I feel anger sadness and confusion . I try to wrap my head around how someone could say they wanted to marry me and then cheat out of nowhere and start turning cold and going behind my back over and over again with lies and sex with others even when he promised he would change and now he is like “we can go to the courthouse today I will do anything you ask I will marry you today .” I was so stupid and I take marriage so seriously and I will never cheat on you again “. A part of me thinks maybe if I do go back and we actually are married and I attend therapy with him then maybe he will be better and change . Would someone really get up in front of his family and his fiancée”s friends and family take vows for everyone to see only Brie it to be fake again and to cheat and lie all over again. I wonder if he is really capable of taking his deceptions that far or if he is being genuine this time .

    1. HG Tudor says:

      Yes they would Starr. I did it as well. Of course this approach plays on your sense of disbelief – “surely nobody would behave in that manner?” – thus you become ensnared again – yes they will and yes we do.

      1. Starr says:

        Basically you are saying you promised to change and you told that person you wanted to marry them and make things right when you had no intentions of stopping the abuse or seeing other women ? How were you gonna feel though if you married that person and they caught you again cheating or lying and then served you divorce papers and told their family about everything . Do you not care about how your wife’s friends or family will think of you if you are caught cheating and there is solid proof you cannot deny such as maybe she had a spy cam on you or pictures or proof from text messages . Before I found out for a fact my ex was cheating I was going to install a spy cam in his bedroom because my intuition told me something was wrong plus I had seen the scratches on his back . You can only keep this up for so long before something goes wrong for you and people start to catch on that you aren’t the person you pretend to be . Do you care about whether or not other people such as your girlfriends family know about your cheating or abuse ?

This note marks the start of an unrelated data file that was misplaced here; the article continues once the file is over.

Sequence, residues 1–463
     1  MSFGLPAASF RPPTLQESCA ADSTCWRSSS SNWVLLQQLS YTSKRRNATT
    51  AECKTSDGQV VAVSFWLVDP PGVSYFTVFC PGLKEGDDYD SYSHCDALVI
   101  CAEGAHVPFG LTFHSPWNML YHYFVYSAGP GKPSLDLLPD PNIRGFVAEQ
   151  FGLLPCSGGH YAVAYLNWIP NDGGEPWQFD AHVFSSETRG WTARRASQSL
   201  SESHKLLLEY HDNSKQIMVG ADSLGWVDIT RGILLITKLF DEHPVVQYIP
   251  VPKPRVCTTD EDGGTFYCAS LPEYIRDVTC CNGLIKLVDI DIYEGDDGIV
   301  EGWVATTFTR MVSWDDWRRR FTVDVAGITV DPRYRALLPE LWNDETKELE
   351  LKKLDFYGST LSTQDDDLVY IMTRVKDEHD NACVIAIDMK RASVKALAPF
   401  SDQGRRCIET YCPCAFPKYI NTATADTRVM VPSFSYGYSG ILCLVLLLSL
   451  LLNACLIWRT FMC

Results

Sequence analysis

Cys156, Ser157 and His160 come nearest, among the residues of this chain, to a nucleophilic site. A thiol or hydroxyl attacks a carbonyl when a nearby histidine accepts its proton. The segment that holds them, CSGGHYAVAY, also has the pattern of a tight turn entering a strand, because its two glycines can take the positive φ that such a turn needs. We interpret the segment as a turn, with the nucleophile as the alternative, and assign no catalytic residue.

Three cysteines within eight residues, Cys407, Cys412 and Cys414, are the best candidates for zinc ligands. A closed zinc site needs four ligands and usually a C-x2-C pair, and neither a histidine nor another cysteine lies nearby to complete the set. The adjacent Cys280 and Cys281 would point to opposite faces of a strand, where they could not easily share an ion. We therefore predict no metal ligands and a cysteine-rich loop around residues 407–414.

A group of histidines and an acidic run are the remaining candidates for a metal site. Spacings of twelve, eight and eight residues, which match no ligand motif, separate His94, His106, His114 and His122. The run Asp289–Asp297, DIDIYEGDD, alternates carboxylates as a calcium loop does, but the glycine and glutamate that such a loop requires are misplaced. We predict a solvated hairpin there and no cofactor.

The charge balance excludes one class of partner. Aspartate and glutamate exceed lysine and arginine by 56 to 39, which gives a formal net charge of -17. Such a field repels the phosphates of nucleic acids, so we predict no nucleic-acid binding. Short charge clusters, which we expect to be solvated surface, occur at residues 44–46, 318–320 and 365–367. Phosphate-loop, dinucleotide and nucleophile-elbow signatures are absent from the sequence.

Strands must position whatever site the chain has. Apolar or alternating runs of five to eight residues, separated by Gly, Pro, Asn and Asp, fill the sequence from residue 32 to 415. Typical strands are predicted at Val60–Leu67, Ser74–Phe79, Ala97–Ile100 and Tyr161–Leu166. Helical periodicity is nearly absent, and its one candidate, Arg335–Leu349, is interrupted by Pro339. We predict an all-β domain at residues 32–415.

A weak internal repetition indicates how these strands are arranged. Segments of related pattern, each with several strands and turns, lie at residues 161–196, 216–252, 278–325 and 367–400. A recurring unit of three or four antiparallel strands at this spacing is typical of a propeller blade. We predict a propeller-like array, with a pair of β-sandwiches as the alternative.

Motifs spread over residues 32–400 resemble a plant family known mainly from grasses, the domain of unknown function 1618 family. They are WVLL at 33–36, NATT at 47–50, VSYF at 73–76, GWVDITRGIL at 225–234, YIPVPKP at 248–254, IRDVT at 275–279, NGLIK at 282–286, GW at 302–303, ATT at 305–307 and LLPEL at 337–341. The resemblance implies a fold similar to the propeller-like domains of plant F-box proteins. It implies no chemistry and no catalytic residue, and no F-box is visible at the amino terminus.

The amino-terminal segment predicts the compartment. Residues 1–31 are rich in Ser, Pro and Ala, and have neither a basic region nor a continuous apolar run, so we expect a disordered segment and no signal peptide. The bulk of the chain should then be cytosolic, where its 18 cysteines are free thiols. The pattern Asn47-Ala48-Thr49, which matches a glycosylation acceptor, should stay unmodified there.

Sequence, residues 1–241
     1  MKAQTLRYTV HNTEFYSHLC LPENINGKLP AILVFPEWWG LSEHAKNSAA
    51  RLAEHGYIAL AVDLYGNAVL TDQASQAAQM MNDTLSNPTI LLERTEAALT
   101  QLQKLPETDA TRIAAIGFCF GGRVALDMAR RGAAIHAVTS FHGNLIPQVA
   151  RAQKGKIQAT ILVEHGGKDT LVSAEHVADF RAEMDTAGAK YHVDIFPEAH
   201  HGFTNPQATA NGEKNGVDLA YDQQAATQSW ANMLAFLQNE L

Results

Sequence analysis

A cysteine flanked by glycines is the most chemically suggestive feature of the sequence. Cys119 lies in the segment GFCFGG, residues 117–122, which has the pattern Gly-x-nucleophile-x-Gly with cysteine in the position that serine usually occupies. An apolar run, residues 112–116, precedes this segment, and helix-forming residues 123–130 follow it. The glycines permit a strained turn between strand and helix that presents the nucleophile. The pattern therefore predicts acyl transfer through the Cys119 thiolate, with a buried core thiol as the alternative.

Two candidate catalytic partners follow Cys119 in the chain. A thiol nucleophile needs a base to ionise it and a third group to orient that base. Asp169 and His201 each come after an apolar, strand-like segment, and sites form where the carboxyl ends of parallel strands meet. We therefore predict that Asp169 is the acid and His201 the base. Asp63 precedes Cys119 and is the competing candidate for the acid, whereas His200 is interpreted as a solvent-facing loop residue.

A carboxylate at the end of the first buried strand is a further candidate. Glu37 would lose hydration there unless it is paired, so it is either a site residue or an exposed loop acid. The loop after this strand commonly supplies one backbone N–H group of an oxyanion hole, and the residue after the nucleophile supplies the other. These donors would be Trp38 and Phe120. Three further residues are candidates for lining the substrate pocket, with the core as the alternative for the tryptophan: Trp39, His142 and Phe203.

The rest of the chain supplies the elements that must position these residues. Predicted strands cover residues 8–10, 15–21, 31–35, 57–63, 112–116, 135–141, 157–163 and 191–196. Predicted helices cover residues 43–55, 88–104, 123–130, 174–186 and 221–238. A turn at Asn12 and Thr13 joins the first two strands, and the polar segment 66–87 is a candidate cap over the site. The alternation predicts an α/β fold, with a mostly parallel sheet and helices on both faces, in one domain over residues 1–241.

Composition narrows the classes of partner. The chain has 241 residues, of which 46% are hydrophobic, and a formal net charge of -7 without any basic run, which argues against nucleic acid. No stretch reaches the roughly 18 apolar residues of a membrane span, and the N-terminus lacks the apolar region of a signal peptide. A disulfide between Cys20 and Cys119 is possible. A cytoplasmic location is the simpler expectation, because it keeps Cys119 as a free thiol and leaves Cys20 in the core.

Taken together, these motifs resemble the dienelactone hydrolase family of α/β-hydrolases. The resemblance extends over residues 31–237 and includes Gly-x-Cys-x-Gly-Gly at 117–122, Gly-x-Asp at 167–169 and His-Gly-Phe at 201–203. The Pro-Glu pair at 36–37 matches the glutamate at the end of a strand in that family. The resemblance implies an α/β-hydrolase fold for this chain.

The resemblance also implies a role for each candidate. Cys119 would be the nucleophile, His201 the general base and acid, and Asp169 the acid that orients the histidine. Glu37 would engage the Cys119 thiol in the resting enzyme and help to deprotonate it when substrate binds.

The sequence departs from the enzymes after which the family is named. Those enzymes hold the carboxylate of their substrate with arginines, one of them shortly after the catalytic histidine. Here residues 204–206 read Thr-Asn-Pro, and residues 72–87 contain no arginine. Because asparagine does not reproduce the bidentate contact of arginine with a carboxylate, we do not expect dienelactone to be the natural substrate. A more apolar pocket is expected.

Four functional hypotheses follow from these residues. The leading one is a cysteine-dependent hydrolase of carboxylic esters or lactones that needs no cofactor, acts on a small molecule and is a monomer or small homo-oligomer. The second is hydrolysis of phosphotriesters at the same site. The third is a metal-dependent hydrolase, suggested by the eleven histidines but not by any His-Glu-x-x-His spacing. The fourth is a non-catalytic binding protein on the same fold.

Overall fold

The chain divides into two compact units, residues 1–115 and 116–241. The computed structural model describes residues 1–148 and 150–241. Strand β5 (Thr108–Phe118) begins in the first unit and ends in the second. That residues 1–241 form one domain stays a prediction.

1. HG Tudor says:

          I had every intention but matters went awry owing the the failure of the relevant appliance.
          I have sufficient faith in my abilities to persuade and smear that I would make myself look like the victim in all of it and therefore engender sympathy. If her friends and family thought ill of me, it is all fuel and ultimately they would then be replaced as I built a new network of appliances from the family and friends of the replacement for my ex-wife, which is what happened. My facade remained intact because it was built in the main from my family and my friends.
          I do not care about my girlfriend’s family knowing. Some will refuse to believe it because of my charm, the facade and plausible deniability. Others may not want to get involved. Others may “have a go” at me, it is just fuel. If they refuse to deal with me again, so be it, but I have new appliances to replace them. Read Smeared and you will gain more knowledge about what we do in such instances.

        2. 00 says:

          My Narc did this to me. He tried to see me for three months and then he said he made mistakes and blah blah blah so I gave him a chance. I flew back east and was packing my bags within three days. I called my therapist while he was losing his crap and she said “get out” and I called my brother to come get me. He was going to drive a hundred miles to save me. I told him to wait, I gave it one more day and then left. It was the hardest thing to do and being at the airport, in public, having to hold myself together, was brutal. I survived it. >

      2. Starr says:

        If you ever get the time maybe you can do a piece of writing about the way a narcissist or sociopath views marriage and what really goes through their mind and what they feel or do not feel when they are speaking the vows in front of family and friends . I think it would get a lot of hits and a lot of people would find that piece very interesting .

        1. HG Tudor says:

          Thank you Starr, good suggestions, I have made a note and added those to the list.